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I brought (2) 12 gallon tanks, which you see there in the cockpit and (3) five gallon tanks for extra fuel, since our trip was to remote areas of Molokai with no potential for refueling. My boat has an 82 gallon tank which was topped off before we left. This gave us an extra 38 or so gallons for a total of roughly 120 gallons. All the ice, food, camping equipment, gas, water, and the four of us meant the boat was rather bulky that day. After running up the West side of Molokai and anchoring in a few calm bays to snorkel and have a late lunch we anchored in a protected cove near the North West tip. The winds were very shifty in the cove and there was a narrow area to anchor in some sand pockets with reef and exposed rocks surrounding the small cove. We set the bow and stern anchor for extra security and camped at the beach for the night after a few celebratory drinks. Before the sunset, I did decide to syphon fuel from one of the external tanks to see where we were at. I was alarmed that we used nearly all of the 38 external gallons I brought in just a mere 30 or so mile trip, it was likely the extra weight and the conditions that forced our terrible mileage. I also learned later that the boat was very difficult to fill to full capacity and air pockets in the tank would make it start clicking off at the pump at nowhere near full.

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This raised endurance concerns, as we planned to go around the Northwest Point (Ilio Point) and past Kalaupapa to anchor among the various coves at the base of the highest sea cliffs in the world. After packing up shortly after sunrise we rounded the point and still had some residual wind, but much improved conditions. The weather was supposed to lay down for the rest of the weekend and we were already seeing it quickly improve that Sunday morning. We chugged along to the East as the sea cliffs got taller and taller.

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We took a break, drifted, and went for a swim around the leeward side of Kalaupapa before rounding the peninsula. My first planned anchorage was where we intended to spend the entire day and night if conditions were right, and it did not disappoint.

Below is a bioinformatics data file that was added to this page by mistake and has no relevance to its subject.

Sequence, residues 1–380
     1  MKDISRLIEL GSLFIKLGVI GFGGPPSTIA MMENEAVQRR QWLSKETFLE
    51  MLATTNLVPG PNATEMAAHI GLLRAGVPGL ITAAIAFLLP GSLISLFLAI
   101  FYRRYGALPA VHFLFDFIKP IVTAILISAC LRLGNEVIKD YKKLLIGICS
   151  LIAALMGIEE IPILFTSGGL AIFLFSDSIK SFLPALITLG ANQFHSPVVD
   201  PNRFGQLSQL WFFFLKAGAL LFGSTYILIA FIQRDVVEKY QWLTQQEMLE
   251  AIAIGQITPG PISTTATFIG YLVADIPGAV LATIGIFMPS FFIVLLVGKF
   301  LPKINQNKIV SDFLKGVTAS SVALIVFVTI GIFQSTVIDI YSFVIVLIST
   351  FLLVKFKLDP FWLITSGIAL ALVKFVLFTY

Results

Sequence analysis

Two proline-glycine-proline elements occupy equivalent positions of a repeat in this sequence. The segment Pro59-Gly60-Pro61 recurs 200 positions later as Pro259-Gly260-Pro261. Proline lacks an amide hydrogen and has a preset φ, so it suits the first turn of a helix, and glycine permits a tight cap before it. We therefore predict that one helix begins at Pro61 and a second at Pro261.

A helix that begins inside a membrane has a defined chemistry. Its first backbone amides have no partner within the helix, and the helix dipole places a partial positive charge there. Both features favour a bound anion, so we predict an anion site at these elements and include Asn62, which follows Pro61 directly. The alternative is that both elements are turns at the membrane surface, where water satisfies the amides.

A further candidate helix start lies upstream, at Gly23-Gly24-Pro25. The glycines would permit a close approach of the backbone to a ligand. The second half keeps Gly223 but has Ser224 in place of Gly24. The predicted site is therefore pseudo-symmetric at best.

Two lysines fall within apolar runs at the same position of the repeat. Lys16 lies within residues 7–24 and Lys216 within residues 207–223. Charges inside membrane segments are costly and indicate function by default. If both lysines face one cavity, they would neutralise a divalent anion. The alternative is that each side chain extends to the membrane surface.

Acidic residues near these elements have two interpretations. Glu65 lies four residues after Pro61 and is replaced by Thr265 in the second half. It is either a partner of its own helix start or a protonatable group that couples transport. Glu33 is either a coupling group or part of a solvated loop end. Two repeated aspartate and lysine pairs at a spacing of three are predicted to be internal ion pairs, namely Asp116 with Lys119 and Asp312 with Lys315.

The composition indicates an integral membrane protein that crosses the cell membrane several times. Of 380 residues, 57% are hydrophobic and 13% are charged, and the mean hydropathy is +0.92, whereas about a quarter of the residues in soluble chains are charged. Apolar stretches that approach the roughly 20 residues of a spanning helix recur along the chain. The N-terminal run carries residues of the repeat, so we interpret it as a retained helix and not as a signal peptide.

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We all slept on the boat that night as ferrying camping equipment to shore via the paddleboard sounded tedious, but it was an incredible day with the best views I've had in my life. We woke up early again and anchored in another small cove with equally impressive sea cliffs and some amazing caves.

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That Monday morning conditions were even better than Sunday, and we turned around at Pu'uka'oku Falls (I recommend googling that, as we took more videos than pictures during this trip). This is where my fuel status made me decide to turn around as we had 30 miles to get back to the Channel, and another 30 miles to O'ahu. The transit back was about as calm as the channel can get, enough so that I let my girlfriend drive as we put the outriggers and lines out and I took a nap in the sun. We were back in Hawai'i Kai around 3pm after a scenic route from Sandy's Beach past Hanauma Bay. My boat still had about half a tank left and a few gallons in my external tank, which means that either I truly burned nearly 40 gallons crossing the channel, or I was not nearly full when we left.

Below is a picture of the set-up the day before we left to camp at Hawaii Kai. My Ahi fish bag made for a great second cooler out of the way.
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Above is as were were testing different locations for the fuel tanks.